• Landscape Conclusions Introduction Result Applications Theory & Future WorkBinary Space Expectation for ELs General result ExampleBinary Search Space • The set of solutions X is the set of binary strings with length n 0 1 0 0 1 0 1 1 1 0 • Neighborhood used in the proof of our main result: one-change neighborhood: Two solutions x and y are neighbors iff Hamming(x,y)=1 0 1 0 0 1 0 1 1 1 0 1 1 0 0 1 0 1 1 1 0 0 1 0 0 1 1 1 1 1 0 0 0 0 0 1 0 1 1 1 0 0 1 0 0 1 0 0 1 1 0 0 1 1 0 1 0 1 1 1 0 0 1 0 0 1 0 1 0 1 0 0 1 0 1 1 0 1 1 1 0 0 1 0 0 1 0 1 1 0 0 0 1 0 0 0 0 1 1 1 0 0 1 0 0 1 0 1 1 1 1GECCO 2011 (Theory track) July 2011 11 / 22
  • Landscape Conclusions Introduction Result Applications Theory & Future WorkBinary Space Expectation for ELs General result ExampleLandscape Decomposition: Walsh Functions • If X is the set of binary strings of length n and N is the one-change neighbourhood then a Fourier basis is where Bitwise AND Bit count function (number of ones) • These functions are known as Walsh Functions • The function with subindex w is elementary with k=2 j, and j=bc (w) is called order of the Walsh functionGECCO 2011 (Theory track) July 2011 12 / 22
  • Landscape Conclusions Introduction Result Applications Theory & Future WorkBinary Space Expectation for ELs General result ExampleExpectation for Elementary Landscapes • If f is elementary, the expected value after the mutation with probability p is: • Sketch of the proof: if g is elementary and =0 Order of the function E[g]x = z∈X Σ Prob(x,z) · g(z) H=2 H=1 = Σ p (1-p) k k (n-k) λk g(x) H=3GECCO 2011 (Theory track) July 2011 13 / 22
  • Landscape Conclusions Introduction Result Applications Theory & Future WorkBinary Space Expectation for ELs General result ExampleAnalysis • Analysis of the expected mutation p=0 → fitness does not change p=1 → the same fitness When f(x) > When f(x) < j j j j p=1/2 → start from scratch p=1 → flip aroundGECCO 2011 (Theory track) July 2011 14 / 22
  • Landscape Conclusions Introduction Result Applications Theory & Future WorkBinary Space Expectation for ELs General result ExampleExpectation for Arbitrary Functions • In the general case f is the sum of at most n elementary landscapes • And, due to the linearity of the expectation, the expected fitness after the mutation is: Average value of Ω2j over the whole search spaceGECCO 2011 (Theory track) July 2011 15 / 22
  • Landscape Conclusions Introduction Result Applications Theory & Future WorkBinary Space Expectation for ELs General result ExampleAnalysis • Analysis of the expected mutation • Example (j=1,2,3): p≈0.23 → maximum expectation p=1/2 → start from scratch The traditinal p=1/n could be around hereGECCO 2011 (Theory track) July 2011 16 / 22
  • Landscape Conclusions Introduction Result Applications Theory & Future WorkBinary Space Expectation for ELs General result ExampleExample • One example: ONEMAX For p=1/2: E[onemax]x = n/2 For p=0: E[onemax]x = ones(x) For p=1: E[onemax]x = n – ones(x) For p=1/n: E[onemax]x = 1 + (1-2/n) ones(x)GECCO 2011 (Theory track) July 2011 17 / 22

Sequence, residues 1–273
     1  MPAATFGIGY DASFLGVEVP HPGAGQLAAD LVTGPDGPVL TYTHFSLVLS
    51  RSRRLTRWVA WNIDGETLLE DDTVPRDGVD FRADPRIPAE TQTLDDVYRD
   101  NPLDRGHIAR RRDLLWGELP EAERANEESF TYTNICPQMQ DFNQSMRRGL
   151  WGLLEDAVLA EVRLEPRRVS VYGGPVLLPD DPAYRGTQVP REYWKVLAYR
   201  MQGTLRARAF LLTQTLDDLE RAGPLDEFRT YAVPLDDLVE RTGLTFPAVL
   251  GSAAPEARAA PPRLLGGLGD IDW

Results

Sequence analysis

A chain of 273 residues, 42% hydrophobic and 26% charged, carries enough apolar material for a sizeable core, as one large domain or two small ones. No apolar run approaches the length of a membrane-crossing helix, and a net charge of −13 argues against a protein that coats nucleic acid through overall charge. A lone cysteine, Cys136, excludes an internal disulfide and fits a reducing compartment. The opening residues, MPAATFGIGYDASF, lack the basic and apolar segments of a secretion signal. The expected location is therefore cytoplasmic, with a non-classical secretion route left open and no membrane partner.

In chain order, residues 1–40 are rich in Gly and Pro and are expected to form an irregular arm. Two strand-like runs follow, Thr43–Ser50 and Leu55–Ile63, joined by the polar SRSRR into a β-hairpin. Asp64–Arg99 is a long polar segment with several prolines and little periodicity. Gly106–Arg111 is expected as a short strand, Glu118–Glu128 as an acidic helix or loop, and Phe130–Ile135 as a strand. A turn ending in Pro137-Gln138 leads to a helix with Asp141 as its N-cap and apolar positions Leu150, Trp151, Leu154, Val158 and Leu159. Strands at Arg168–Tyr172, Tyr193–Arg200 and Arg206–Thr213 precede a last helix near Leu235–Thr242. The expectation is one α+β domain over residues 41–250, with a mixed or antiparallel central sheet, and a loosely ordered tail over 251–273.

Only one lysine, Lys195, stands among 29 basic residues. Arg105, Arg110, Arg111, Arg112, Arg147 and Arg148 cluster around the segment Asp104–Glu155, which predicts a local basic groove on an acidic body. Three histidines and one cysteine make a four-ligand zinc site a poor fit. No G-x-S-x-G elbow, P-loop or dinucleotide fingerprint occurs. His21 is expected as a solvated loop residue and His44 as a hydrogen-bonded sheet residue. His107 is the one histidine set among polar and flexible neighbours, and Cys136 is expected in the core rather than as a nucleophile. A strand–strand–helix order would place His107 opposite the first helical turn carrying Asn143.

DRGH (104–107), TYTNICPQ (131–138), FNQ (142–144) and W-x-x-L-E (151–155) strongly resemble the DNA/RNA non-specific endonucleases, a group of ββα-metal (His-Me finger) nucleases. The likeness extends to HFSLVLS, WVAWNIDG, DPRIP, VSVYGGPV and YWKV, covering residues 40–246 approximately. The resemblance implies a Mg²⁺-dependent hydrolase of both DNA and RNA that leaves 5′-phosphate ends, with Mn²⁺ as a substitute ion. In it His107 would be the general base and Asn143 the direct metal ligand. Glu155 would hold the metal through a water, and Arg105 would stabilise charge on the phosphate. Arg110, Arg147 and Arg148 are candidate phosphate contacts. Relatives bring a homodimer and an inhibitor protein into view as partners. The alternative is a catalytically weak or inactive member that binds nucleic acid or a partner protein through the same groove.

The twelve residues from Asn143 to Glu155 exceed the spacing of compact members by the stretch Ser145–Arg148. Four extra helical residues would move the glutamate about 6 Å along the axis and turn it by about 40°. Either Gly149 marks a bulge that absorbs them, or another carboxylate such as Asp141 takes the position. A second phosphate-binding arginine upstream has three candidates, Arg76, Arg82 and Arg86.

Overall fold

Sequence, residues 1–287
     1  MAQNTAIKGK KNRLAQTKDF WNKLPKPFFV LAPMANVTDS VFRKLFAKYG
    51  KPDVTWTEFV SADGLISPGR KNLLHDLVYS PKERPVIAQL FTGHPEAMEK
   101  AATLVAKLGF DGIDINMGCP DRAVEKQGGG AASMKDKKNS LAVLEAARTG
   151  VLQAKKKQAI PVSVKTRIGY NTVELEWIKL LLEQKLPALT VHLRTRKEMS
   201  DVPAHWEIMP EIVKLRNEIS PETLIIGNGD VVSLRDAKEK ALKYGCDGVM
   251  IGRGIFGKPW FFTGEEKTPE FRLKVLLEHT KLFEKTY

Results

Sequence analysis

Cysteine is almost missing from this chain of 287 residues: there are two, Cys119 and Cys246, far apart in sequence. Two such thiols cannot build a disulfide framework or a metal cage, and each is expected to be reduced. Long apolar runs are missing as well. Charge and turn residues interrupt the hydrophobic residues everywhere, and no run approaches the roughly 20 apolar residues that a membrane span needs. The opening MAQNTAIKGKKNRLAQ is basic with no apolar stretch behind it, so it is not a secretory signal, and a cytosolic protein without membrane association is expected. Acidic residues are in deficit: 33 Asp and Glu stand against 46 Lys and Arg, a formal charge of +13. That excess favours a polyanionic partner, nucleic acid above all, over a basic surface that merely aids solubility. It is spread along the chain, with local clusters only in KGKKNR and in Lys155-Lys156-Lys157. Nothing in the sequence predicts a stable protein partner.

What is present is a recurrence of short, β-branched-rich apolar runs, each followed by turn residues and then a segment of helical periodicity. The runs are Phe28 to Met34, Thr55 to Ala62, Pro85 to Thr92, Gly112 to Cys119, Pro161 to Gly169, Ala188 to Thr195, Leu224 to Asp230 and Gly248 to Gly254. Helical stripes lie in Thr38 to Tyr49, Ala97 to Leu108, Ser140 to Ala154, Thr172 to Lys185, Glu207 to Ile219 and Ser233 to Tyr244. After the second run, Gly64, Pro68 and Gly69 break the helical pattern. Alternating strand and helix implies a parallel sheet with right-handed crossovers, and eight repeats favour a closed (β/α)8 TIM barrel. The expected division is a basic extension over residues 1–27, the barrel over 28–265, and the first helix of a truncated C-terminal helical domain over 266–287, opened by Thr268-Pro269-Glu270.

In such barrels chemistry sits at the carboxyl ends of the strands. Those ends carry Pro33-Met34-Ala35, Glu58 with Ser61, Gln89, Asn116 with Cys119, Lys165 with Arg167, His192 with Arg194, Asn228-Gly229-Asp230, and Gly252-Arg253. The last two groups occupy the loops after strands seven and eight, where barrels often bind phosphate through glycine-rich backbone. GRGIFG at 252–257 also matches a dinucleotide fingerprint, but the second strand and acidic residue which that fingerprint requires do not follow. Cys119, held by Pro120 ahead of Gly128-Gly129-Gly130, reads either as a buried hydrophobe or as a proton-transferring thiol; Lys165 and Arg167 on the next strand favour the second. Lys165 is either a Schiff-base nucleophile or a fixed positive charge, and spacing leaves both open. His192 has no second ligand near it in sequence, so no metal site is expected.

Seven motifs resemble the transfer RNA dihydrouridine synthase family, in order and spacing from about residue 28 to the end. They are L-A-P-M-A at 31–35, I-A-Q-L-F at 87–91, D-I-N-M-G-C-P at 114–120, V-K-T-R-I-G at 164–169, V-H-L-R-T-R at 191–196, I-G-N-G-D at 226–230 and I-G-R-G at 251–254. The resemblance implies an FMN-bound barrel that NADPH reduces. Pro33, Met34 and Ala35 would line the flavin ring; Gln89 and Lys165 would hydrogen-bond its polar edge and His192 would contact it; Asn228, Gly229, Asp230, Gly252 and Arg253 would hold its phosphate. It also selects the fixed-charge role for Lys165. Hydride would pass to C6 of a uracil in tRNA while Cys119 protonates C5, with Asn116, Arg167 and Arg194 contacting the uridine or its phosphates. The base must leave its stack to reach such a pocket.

• Landscape Conclusions Introduction Result Applications Theory & Future WorkSelection Mutation OthersSelection Operator • Selection operator Mutation Expectation Expectation Minimizing Mutation X • We can design a selection operator selecting the individuals according to the expected fitness value after the mutationGECCO 2011 (Theory track) July 2011 18 / 22
  • Landscape Conclusions Introduction Result Applications Theory & Future WorkSelection Mutation OthersMutation Operator • Mutation operator • Given one individual x, we can compute the expectation against p 1. Take the probability p for which the expectation is maximum 2. Use this probability to mutate the individual • If this operator is used the expected improvement is maximum in one step (see the paper by Sutton, Whitley and Howe in the GA track!)GECCO 2011 (Theory track) July 2011 19 / 22
  • Landscape Conclusions Introduction Result Applications Theory & Future WorkSelection Mutation OthersOther Applications • The expected fitness after mutation can be applied in: • Genetic Algorithms: traditional bip-flip mutation operator • Simulated Annnealing: neighborhood • Iterated Local Search: perturbation procedure • Variable Neighborhood Search: perturbation operator • Runtime analysis: for one iteration of the previous algorithmsGECCO 2011 (Theory track) July 2011 20 / 22
  • Landscape Conclusions Introduction Result Applications Theory & Future WorkConclusions & Future Work Conclusions• We give a very simple and efficient formula for the expected fitness after bit-flip mutation• In elementary landscapes the dependence of the expectation with p is a simple monomial centred in ½• The result is generalized to any arbitrary function, provided that we have the elementary landscape decomposition.• Using the expected fitness, new operators can be designed (two examples are outlined) Future Work• Expressions not only for the expected value, but for higher-order moments (variance, skewness, kurtosis, etc.)• Expressions for probability of improvement after a bit-flip mutation• Design new operators and search methods based on the results of this work• Connection with runtime analysisGECCO 2011 (Theory track) July 2011 21 / 22
  • Elementary Landscape Decomposition of the Quadratic Assignment ProblemThanks for your attention !!!GECCO 2011 (Theory track) July 2011 22 / 22